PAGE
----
Internationales Jahrbuch für philosophische Anthropologie     Hybrid Journal  
Intersecciones en Antropologia     Open Access   (Followers: 2)
Jangwa Pana     Open Access  
Journal des anthropologues     Open Access   (Followers: 3)
Journal for Islamic Studies     Full-text available via subscription   (Followers: 13)
Journal of African History     Hybrid Journal   (Followers: 16)
Journal of Anthropological Archaeology     Hybrid Journal   (Followers: 80)
Journal of Anthropological Research     Full-text available via subscription   (Followers: 8)
Journal of Anthropology     Open Access   (Followers: 16)
Journal of Asian and African Studies     Hybrid Journal   (Followers: 10)
Journal of Australian Studies     Hybrid Journal   (Followers: 3)
Journal of Burma Studies     Full-text available via subscription   (Followers: 4)
Journal of California and Great Basin Anthropology     Open Access   (Followers: 7)
Journal of Canadian Studies/Revue d'études canadiennes     Full-text available via subscription   (Followers: 3)
Journal of Contemporary Ethnography     Hybrid Journal   (Followers: 63)
Journal of Cross-Cultural Gerontology     Hybrid Journal   (Followers: 4)
Journal of Cultural Heritage     Full-text available via subscription   (Followers: 14)
Journal of Ecological Anthropology     Open Access  
Journal of Human Development: A Multi-Disciplinary Journal for People-Centered Development     Hybrid Journal   (Followers: 20)
Journal of Human Evolution     Hybrid Journal   (Followers: 12)
Journal of Latin American & Caribbean Anthropology     Hybrid Journal   (Followers: 9)
Journal of Linguistic Anthropology     Hybrid Journal   (Followers: 17)
Journal of Material Culture     Hybrid Journal   (Followers: 15)
Journal of Medical Genetics and Genomics     Open Access  
Journal of Modern Greek Studies     Full-text available via subscription   (Followers: 3)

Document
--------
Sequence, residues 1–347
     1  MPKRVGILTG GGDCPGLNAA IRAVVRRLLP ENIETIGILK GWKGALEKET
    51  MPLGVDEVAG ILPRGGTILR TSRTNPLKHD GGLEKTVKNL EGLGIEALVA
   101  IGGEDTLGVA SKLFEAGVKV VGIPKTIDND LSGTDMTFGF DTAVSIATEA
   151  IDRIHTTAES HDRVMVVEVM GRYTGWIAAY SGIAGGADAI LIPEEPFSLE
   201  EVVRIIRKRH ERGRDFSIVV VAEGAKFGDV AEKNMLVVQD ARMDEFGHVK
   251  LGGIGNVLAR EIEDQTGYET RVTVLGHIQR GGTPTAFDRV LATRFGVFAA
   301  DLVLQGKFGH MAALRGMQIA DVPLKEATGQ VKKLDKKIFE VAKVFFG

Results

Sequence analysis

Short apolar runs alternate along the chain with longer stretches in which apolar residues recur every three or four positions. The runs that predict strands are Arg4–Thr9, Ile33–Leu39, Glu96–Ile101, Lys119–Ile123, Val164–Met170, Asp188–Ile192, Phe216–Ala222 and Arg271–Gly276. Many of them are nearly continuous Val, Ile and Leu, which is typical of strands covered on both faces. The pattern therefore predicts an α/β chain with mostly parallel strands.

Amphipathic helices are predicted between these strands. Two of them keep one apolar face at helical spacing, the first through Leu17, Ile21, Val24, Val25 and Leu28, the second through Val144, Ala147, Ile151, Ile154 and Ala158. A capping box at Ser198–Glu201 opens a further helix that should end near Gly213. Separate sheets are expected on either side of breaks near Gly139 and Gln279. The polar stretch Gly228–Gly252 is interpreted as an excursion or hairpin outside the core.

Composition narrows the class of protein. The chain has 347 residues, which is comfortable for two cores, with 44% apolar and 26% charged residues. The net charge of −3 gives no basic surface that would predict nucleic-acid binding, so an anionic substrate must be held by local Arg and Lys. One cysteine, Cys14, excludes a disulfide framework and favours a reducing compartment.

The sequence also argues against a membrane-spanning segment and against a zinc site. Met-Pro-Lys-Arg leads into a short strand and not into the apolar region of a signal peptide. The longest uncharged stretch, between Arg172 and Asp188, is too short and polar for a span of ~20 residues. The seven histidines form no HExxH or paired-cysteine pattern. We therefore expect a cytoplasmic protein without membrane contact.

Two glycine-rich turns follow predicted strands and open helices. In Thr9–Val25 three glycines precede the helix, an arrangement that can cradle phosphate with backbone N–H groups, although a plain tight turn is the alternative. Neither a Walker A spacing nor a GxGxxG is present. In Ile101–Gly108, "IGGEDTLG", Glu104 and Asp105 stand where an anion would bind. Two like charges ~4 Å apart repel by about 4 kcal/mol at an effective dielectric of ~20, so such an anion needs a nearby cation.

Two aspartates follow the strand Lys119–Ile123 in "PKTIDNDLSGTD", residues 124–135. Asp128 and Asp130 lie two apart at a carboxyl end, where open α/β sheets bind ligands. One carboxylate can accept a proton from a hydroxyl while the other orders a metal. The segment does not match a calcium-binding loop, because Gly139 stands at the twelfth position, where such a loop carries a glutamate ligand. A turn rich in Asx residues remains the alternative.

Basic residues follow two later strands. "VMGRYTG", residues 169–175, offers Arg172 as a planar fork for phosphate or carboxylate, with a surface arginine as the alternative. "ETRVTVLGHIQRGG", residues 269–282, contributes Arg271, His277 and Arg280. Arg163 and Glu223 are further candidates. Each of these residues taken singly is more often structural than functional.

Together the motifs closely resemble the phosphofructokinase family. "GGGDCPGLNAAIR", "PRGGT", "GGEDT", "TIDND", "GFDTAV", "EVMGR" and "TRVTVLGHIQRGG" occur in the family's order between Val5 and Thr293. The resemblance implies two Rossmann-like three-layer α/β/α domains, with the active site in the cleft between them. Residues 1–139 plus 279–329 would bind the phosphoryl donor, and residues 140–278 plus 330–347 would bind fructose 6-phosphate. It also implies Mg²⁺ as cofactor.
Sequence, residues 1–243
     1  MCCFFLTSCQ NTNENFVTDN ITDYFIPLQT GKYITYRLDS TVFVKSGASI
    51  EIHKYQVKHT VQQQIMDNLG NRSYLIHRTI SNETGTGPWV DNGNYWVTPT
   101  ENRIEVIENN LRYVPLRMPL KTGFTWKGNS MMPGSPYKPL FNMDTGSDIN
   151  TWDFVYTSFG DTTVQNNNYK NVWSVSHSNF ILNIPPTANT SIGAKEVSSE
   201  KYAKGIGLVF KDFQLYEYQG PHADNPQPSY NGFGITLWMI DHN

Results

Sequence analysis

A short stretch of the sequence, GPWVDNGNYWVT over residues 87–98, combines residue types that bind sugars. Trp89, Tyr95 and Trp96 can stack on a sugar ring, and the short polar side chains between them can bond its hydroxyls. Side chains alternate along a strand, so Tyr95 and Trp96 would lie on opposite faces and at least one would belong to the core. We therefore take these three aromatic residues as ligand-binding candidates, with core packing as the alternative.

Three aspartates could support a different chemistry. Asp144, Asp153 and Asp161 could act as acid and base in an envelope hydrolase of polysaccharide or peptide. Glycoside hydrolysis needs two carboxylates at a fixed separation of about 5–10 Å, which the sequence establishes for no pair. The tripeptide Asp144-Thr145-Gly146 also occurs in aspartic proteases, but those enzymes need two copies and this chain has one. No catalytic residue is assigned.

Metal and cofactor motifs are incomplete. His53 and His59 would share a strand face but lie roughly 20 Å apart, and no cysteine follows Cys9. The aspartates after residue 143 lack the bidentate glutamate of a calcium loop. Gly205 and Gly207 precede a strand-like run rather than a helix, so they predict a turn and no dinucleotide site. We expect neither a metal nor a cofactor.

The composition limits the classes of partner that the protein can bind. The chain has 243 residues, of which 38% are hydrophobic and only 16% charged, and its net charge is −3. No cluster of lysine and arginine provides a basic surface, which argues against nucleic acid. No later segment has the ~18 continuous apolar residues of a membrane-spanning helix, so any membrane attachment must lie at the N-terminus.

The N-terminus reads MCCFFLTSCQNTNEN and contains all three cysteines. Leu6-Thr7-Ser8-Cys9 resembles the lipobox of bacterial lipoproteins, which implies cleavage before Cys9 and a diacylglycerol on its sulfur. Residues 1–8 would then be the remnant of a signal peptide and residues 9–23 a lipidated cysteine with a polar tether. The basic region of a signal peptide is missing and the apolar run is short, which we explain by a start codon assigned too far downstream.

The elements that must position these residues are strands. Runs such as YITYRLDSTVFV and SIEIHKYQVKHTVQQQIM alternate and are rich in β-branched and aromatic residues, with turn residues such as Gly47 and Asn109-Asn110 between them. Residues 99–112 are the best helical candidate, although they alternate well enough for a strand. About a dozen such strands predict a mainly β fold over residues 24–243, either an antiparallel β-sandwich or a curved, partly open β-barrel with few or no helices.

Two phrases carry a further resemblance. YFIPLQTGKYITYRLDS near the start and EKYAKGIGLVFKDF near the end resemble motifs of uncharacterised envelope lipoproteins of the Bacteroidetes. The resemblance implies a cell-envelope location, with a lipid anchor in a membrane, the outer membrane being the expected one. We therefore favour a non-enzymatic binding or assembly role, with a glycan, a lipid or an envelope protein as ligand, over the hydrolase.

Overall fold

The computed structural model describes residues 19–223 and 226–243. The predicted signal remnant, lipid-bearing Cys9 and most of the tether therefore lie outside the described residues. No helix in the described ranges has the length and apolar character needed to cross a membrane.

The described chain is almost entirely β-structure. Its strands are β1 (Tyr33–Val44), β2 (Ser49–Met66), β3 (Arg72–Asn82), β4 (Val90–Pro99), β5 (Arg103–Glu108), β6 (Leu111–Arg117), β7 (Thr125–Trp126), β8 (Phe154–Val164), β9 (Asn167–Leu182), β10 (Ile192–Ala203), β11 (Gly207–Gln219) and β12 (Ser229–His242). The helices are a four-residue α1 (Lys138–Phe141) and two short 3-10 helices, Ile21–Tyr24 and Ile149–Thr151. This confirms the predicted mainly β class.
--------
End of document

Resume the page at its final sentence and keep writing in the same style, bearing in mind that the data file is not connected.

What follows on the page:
Journal of New Zealand & Pacific Studies     Hybrid Journal   (Followers: 3)
Journal of Organizational Ethnography     Hybrid Journal   (Followers: 7)
Journal of Physiological Anthropology     Open Access   (Followers: 4)
Journal of Social Archaeology     Hybrid Journal   (Followers: 44)
Journal of the Polynesian Society     Full-text available via subscription   (Followers: 4)
Journal of the Royal Anthropological Institute     Hybrid Journal   (Followers: 33)
Journal of the Society for the Anthropology of Europe     Hybrid Journal   (Followers: 8)
Journal of the Southwest     Full-text available via subscription   (Followers: 3)
Journal of Transnational American Studies     Open Access   (Followers: 1)

  First | 1 2 3 4     

Journal Cover   Geografiska Annaler, Series B: Human Geography
  [SJR: 0.823]   [H-I: 32]   [11 followers]  Follow
   Hybrid Journal Hybrid journal (It can contain Open Access articles)
   ISSN (Print) 0435-3684 - ISSN (Online) 1468-0467
   Published by John Wiley and Sons Homepage  [1609 journals]
           IN MOTION
    • Authors: Tim Edensor; Hayden Lorimer
      Pages: 1 - 16
      Abstract: In conditions of darkness, how is landscape experienced when mediated by the artful staging of mass movement and artificial illumination? The article offers a response to this question of perception, phenomena and sensation, through culturally informed consideration of Speed of Light, a performance event staged in Holyrood Park, produced by arts charity NVA, during the 2012 Edinburgh International Festival. Speed of Light was a large‐scale, open‐air public artwork, illuminating the form and motion of walkers and runners, fusing the role of performer and spectator. Following an introduction to the event's design and delivery, and consideration of recent literatures on spaces of darkness and the illumination of landscape in contemporary social life, the authors describe and explain their respective roles as participating walker and runner in Speed of Light, and offer a series of participant‐informed interpretations. Observations arising from the social experience of darkness, illumination and motion, lead to closing reflections on what is termed “landscapism”. Landscapism, a sensibility encapsulated in Speed of Light, is suggested as a transporting and enchanting affect achieved by estranging the expected encounter with topography and atmosphere. It is a staged sensibility that dramatizes the experience of looking at, listening to and feeling for the temporary transformation of landscape.
      PubDate: 2015-04-16T23:24:30.387539-05:
      DOI: 10.1111/geob.12062
    • Authors: Ian R. Cook
      Pages: 17 - 30